In a village in the midst of a very hot summer, one afternoon, a group of girls went bathing in the local pond. They were splashing around in the water until it was time to go home and as they all clambered out, one by one, and stepped into their clothes, one girl stood by puzzled. Her clothes were nowhere to be found.
All the girls began to search for the clothes when one of them spotted a Hanuman monkey atop a tree with the missing garments. They begged the monkey to give it back, but he said, “I will not give it unless its owner consents to marry me.”
The girls then threw sticks and stones at him, but he climbed higher and higher on the tree. The girls then called in the adults. The girl’s parents came and at first shot arrows and pelted stones at him, asking him to give back the clothes. But the monkey escaped it all and then the parents began to cry and sing: “Give back the girl her cloth, her silk cloth.” And then the girl’s father’s younger brother and wife came to the spot and they too sang and cried, but the monkey did not change his refrain: “Give me the girl and she will get her clothes back.”
And then the girl herself begged for it. The monkey came down the tree he was on and offered one end of the cloth to the girl. But when she caught hold of it, he pulled her up into the tree and ran off with her on his back. The girl did not seem too unhappy and called out to her parents as the two sped across the tree tops, “Don’t worry mother, don’t worry father, I am going away.”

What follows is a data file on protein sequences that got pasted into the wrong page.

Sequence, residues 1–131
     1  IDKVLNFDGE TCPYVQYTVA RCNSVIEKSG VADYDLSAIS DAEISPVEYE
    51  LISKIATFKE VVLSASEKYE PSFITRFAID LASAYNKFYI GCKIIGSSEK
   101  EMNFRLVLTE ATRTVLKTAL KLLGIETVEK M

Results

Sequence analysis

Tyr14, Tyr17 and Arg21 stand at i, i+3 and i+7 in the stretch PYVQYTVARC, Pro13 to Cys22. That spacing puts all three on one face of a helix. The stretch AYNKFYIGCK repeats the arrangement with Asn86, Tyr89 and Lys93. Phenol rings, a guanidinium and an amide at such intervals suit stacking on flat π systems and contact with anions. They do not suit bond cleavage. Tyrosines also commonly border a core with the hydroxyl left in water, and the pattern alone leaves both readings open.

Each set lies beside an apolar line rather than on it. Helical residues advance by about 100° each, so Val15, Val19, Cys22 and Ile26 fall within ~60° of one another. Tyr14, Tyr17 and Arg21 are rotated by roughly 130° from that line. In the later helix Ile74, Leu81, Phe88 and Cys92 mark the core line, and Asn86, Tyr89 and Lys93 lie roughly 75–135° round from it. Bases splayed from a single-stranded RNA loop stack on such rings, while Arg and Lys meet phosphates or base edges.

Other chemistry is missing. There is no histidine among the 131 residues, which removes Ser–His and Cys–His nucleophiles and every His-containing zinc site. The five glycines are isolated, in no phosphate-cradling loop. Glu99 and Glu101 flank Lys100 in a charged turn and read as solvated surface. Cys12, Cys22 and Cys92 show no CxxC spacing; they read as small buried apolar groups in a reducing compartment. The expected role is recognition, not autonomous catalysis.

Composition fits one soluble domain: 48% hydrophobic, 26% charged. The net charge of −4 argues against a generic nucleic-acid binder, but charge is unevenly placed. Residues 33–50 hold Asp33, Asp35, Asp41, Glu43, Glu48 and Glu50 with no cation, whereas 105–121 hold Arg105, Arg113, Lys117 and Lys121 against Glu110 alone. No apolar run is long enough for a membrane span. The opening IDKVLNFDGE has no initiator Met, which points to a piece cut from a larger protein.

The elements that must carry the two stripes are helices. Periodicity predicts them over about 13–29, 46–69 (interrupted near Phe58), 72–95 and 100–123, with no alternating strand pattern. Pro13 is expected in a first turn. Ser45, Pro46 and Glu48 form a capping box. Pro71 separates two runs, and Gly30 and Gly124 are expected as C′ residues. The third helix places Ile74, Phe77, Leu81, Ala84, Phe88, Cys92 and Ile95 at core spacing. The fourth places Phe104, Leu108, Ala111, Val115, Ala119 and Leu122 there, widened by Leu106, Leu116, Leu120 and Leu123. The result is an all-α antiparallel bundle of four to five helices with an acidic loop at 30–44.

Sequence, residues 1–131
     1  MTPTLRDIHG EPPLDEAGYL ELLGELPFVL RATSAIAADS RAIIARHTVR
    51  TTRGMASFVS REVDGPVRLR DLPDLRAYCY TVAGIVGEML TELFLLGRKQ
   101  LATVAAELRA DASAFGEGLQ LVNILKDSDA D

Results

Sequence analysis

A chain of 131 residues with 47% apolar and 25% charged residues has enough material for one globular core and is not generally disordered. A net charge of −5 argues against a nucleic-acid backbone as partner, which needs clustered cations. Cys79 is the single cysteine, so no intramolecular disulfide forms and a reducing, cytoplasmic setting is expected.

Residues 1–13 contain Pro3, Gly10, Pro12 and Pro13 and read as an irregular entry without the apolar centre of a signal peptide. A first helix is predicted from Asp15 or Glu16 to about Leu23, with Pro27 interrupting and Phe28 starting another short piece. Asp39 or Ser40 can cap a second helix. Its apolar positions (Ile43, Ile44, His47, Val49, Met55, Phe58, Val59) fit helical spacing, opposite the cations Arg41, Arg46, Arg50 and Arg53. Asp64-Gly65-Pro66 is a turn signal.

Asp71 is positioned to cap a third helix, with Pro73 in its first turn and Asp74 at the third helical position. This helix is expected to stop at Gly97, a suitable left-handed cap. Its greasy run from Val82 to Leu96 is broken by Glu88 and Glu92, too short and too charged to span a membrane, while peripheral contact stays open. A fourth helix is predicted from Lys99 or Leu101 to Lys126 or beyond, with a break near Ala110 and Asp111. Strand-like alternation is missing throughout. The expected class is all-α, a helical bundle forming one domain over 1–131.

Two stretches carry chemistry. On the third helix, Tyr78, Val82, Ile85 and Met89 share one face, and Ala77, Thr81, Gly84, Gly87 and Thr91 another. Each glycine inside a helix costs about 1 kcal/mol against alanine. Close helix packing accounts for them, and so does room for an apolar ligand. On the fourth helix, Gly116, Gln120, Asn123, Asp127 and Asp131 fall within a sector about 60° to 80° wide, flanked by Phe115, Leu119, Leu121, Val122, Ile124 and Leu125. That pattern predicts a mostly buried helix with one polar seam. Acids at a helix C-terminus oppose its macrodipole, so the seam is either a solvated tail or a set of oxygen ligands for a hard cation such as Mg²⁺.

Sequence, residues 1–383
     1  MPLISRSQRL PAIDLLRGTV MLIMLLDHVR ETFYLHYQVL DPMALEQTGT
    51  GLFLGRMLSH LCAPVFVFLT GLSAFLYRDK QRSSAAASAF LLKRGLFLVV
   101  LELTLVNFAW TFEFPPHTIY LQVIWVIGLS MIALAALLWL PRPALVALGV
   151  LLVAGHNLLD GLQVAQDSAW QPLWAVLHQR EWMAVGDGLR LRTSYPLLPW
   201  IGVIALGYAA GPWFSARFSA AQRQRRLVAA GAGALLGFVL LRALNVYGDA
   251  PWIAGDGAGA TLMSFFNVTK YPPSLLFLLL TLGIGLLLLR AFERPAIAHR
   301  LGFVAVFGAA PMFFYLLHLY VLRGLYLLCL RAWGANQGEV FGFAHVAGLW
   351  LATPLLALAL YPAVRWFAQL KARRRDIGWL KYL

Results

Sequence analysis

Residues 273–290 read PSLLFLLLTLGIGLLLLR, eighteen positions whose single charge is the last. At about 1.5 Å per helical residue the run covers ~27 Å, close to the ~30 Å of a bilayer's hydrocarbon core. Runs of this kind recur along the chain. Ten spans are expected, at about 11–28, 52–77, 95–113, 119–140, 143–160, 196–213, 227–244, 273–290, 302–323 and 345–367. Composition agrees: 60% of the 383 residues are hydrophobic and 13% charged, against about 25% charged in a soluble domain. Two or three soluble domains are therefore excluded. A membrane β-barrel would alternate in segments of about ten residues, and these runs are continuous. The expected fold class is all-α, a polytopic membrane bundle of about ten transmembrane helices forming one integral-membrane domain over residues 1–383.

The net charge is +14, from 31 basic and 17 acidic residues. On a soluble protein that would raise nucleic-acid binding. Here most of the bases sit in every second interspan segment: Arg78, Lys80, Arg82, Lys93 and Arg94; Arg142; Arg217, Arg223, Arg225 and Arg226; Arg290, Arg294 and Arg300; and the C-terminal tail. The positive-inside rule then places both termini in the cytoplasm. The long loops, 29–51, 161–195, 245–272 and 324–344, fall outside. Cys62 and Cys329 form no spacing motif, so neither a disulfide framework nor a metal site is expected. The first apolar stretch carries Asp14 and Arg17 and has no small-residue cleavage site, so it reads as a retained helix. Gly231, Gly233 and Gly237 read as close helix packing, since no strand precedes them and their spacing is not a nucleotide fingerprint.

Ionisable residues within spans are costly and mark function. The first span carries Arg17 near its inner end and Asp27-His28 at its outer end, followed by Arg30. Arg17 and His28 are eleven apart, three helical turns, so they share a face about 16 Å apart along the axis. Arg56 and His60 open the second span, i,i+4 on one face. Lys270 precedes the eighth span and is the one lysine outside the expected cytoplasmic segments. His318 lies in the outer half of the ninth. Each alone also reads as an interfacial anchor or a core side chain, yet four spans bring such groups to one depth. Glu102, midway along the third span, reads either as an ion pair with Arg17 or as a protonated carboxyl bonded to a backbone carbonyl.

The monkey and his bride began to live in the mountains. They lived on the fruit from the trees, bananas, jackfruit, apples or whatever else grew there. The girl ate them all but only if she saw that the fruits were not marked by monkey teeth—for she would not eat anything that the monkey had bitten into. One day she said to him that she was tired of just fruits and wanted some rice for her meals, so the monkey went about the villages stealing pots, pans, rice and some fire for her cook the rice. She did and he liked it so much that the couple spent a lot of time in the villages.
Then the girl asked for more clothes. So the monkey went to steal them, but this time the villagers were alert and they drove him away. After a while the girl and the monkey went back to the cave and there the monkey had an idea. He got her a lot of fruits and said she could go and sell them in the market in the village and that could help buy new clothes.
But the girl, when she had sold the fruit, stayed in the village and never returned to the monkey. The poor monkey waited for her, but she did not come back. She married one of the villagers and stayed on in the village while the monkey spent his days sorrowfully on the hill.
Story collected by: Arundhuti Dasgupta
Source: Cecil Henry Bompas, Folklore of the Santal Parganas (London: David Nutt, 1909)
Image: Wikimedia commons